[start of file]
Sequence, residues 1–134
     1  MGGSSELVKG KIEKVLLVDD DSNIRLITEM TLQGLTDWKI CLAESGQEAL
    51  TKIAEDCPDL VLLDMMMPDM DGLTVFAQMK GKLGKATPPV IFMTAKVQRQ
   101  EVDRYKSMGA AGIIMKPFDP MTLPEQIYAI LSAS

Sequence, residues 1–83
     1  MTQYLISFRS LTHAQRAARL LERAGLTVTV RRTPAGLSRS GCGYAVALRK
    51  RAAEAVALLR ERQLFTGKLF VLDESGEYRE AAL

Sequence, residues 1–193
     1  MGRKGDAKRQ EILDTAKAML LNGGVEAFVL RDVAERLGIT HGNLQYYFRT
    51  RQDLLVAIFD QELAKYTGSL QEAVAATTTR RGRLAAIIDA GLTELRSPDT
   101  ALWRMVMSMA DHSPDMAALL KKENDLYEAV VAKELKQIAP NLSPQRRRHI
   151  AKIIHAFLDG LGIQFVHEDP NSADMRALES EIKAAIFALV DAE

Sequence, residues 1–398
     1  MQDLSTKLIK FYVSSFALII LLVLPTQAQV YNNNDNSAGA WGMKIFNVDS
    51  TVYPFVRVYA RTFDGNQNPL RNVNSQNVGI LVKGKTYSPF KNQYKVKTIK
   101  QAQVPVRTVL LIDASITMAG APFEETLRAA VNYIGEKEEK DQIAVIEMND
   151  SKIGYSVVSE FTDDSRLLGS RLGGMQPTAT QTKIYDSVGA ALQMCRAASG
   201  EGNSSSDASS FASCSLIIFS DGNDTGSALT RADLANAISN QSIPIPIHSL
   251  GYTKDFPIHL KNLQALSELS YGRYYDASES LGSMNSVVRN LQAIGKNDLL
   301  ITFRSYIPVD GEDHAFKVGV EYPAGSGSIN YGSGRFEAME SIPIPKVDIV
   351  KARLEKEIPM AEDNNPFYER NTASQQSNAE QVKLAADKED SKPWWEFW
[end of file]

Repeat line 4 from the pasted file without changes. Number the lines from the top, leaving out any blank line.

   101  EVDRYKSMGA AGIIMKPFDP MTLPEQIYAI LSAS